Revisiting the Site: Even if a Movie isn't Great, At Least the Creative Process is Almost Always Riveting

 (CS: An Indiana Jones movie is on its way this year. It seems appropriate to revisit this short piece originally posted on Feburary 13th, 2019.)

I get that it isn't cool to like Indiana Jones and the Kingdom of the Crystal Skull. To be honest, I remember almost nothing about the movie since I only saw it once right after it came out on video. I remember not loving it but also already being aware of the hate for it, it turned out better than my expectations. Everett on the other hand has seen it recently and adores it, but you should also understand he is seven and loves everything Indiana Jones. I think this one has a soft spot for him, because he got to see it with his grandparents. (CS: He has since stated it is his least favourite one, but I wonder if this is due to him catching 'whiff' of its reputations online.)

Even if it isn't the most beloved of the series, I found Adam Chitwood's piece on Collider about the long development process of the movie to be fascinating. The movie was in the planning stages since the early '90s and for whatever reasons, George Lucas was obsessed with the idea that Indiana had to battle aliens. (CS: Apparently, Lucas' original plan for the sequel of Raiders of the Lost Ark was to have Indy in a haunted house, So, having the archeologist adventurer thrown into different genres was clearly a thing the producer wanted from the start.)  I get that the original three movies was a homage to the 1930s and 1940s adventure serials, but not really sure why they needed this iconic character to be in a homage to the 1950s creature features and alien invasion B-movies. It seems like Lucas' attachment to that concept may be part of the reason it took so long for the movie to start being filmed, because Steven Spielberg and Harrison Ford were less than thrilled with it.

Despite what we ended up getting, I'd say at least it wasn't our whip-cracking hero up against Martians like the original concept seemed to promise. Though to be fair, the series has always been heavily influenced by pulp with plots revolving around magic rocks and spirits that can melt your face. It was never intended to be grounded in reality. (CS: Of all the criticisms of the fourth movie, the sci-fi elements seem the most tone deaf to wage against a picture that is part of a series that already has ghosts, beating hearts in a hand, and immortal knights as major parts of the story.)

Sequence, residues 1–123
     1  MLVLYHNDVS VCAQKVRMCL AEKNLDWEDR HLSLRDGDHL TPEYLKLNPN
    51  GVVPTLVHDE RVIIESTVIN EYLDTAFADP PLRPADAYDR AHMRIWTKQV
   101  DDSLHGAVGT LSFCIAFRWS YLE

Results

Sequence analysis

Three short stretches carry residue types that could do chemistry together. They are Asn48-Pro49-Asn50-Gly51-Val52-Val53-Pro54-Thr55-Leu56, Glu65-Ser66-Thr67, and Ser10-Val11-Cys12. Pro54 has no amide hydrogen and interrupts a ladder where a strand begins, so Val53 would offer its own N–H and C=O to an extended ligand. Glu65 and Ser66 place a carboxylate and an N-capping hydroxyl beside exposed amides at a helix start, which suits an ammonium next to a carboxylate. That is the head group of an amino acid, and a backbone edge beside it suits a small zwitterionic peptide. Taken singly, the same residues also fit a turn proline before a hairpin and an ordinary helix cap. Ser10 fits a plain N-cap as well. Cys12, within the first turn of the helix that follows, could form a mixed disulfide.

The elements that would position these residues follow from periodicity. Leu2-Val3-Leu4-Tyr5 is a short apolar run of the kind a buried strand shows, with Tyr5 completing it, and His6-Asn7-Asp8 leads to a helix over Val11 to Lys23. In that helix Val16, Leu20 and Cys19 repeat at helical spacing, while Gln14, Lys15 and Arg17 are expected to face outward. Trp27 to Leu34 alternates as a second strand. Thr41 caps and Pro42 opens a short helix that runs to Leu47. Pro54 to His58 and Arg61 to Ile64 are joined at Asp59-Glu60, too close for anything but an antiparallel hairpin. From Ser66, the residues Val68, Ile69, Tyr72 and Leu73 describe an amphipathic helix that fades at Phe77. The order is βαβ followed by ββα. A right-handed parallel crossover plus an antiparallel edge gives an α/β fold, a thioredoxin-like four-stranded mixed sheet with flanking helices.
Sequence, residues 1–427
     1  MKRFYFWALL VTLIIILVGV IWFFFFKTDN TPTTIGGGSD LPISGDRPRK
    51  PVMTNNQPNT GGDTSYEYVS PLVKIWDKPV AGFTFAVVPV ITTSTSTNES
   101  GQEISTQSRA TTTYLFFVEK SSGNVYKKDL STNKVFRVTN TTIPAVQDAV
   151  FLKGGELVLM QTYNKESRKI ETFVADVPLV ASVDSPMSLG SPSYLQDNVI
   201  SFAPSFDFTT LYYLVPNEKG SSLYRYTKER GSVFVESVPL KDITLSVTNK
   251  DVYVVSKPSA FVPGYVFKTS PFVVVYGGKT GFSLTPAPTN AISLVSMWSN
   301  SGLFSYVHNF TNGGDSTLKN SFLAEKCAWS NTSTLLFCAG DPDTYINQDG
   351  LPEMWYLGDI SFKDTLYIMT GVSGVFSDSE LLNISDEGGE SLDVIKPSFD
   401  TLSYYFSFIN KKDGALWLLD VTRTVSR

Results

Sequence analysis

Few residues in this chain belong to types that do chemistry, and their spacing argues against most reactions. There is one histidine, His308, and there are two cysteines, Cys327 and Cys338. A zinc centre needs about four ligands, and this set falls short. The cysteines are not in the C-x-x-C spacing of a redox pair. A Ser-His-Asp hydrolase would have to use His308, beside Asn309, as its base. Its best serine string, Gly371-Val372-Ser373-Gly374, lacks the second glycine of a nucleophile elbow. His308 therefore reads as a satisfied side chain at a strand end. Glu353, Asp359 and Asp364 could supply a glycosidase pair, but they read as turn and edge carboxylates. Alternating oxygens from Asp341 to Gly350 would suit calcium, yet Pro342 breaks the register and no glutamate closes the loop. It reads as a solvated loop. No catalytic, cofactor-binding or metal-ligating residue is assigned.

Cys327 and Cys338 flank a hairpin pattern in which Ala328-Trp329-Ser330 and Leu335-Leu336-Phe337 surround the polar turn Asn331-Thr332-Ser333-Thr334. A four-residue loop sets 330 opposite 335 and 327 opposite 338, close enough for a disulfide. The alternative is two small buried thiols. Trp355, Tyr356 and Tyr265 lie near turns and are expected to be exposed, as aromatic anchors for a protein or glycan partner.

The most fascinating thing to me is seeing how long it took to develop the film and how it evolved over almost two decades before it was released. It went through several different screenwriters and each one seemed to contribute since parts of their scripts made it to the final production, but there was only one screenwriter credit in the end. I also find it fascinating that since Spielberg is the lone director of this series that we always see it as his baby, but it becomes clear from this article that Lucas may have had a stronger hand in all the actual stories in the series. It is a reminder that when we heap blame or praise on a filmmaker or writer that there may be several uncredited factors and individuals. (CS: The creative process and journey to a finished product is one of the most fascinating things in the world to me. I want to write a book about such a thing, but I need to choose what movie or what stance to take on such a daunting subject.)

The piece really demonstrate how much work it takes and how it is a miracle for any movie to finally get released. It is easy to be critical of a plot or disparage a movie for its budget or find numerous issues, but the reality is, there are so any moving parts that make it near impossible for any movie to come together. It happens all the time so we take it for granted, but I really love reading or hearing about these peeks behind the curtain to learn about how the process unfolds. (CS: This is one of the many reasons that I am leaning more and more towards retiring the annual 'Breakdown of Worst of' episode.) 

The movie may not be great but the development history is gripping and a nice lesson in the challenges of movie making magic.